Testimony of Johann Joseph Foerster
(June 19, 1947)
Summarized by Jan-Ruth Mills
Pima Community College, Tucson, Arizona
Johann Joseph Foerster, 50 years old, a shoemaker from Offenbach an der Main, Germany, was in Dachau and Mauthausen until the liberation for being a “functionary of the Fascist Opposition Group in Frankfurt an der Main” (280). He knew Schuettauf from the Vienna-Florisdsorf sub-camp of Mauthausen (280) in the summer of 1944 (281) where he worked from seven am until 10 pm to the right of the camp entrance in a shoe shop with very high windows (282).
Vienna-Florisdsorf and Schuettauf
Foerster only knew Schuettauf for three months and was never in Gusen I (285).There were both Navy men and SS as guards at Vienna-Florisdorf, and there was tension between these two groups. The five SS men were hated by the Navy guards (281) Among the SS, Schuettauf had a reputation for strictness. The Navy guards disliked him for requiring “too much duty from them” (282).
The camp was opened after an air attack on Vienna. Schuettauf was camp commander when the camp opened and remained there for three months. Foerster recalls Schuettauf as “very correct” (281), distributing food fairly among all nationalities, mistreating no-one. At night, prisoners discussed amongst themselves how Schuettauf treated them well and respected their rights. (282). Foerster recalls seeing out of his workshop windows one day an escapee, a Pole, being returned to camp. The roll-call leader slapped the man for failing to respond to a question about the escape. Schuettauf stopped the beating, told the roll-call leader that he had no right to beat prisoners, and had the prisoner transferred back to Mauthausen as he might escape again (283).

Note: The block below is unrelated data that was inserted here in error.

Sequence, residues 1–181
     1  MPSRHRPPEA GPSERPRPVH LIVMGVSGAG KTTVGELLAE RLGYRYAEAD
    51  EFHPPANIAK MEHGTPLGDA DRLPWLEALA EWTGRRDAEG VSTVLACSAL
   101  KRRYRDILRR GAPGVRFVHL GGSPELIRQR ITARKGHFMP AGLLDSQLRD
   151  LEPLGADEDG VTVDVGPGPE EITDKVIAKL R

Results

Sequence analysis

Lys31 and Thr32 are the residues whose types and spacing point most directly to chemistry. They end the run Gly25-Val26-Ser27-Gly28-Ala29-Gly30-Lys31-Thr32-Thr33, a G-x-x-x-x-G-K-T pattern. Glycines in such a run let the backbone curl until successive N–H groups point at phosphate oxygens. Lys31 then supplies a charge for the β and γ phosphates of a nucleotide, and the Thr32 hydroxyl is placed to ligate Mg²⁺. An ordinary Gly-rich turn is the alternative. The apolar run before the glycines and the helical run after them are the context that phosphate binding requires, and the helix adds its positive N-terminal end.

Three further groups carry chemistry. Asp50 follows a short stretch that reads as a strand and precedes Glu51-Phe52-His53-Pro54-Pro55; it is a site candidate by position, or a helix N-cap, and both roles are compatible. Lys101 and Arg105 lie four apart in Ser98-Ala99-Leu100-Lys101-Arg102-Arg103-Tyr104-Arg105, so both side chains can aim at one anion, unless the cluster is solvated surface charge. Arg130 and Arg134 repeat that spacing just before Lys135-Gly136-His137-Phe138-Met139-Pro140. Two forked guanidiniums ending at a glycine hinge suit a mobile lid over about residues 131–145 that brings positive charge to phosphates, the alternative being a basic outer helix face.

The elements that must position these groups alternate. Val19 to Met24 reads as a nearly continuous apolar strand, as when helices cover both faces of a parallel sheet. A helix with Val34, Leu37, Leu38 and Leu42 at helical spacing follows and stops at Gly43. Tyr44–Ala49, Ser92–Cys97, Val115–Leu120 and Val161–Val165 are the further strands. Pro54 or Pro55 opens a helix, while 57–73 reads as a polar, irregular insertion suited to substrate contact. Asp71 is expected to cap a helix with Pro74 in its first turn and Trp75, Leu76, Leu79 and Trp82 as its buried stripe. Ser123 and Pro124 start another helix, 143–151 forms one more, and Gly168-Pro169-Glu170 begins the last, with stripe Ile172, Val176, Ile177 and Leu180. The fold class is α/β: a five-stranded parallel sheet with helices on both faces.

Schuettauf also arranged to have left over food from the plant cafeteria delivered to prisoners (283). Schuettauf went to the kitchen three times a day to inspect the food, and although no prisoners were allowed in the kitchen, Foerster testifies that he believes Schuettauf was very concerned that the extra food from the plant kitchen be mixed with the prisoners’ food (284).
Prisoners nicknamed Schuettauf the “chief capo” because he was always walking through the plant making sure that prisoners were not being mistreated by guards and ensuring during air raids that prisoners were not driven by guards. Twenty prisoners were detailed to make sure the “air raid protective tools” were in shape. Prisoners had to go out into the fields for a half an hour to make sure no one was hurt during an air raid (284). There were no deaths in the plant while Schuettauf was in charge. Foerster believes Schuettauf was transferred as a result of his behavior toward the prisoners. “As a former prisoner I can say only one thing that is known to me. Whenever there was an SS member who was decent to the prisoners he would never keep his job very long. He would always be released quickly” (284).
Source: KZ Gusen Memorial Committee Digital Archive Project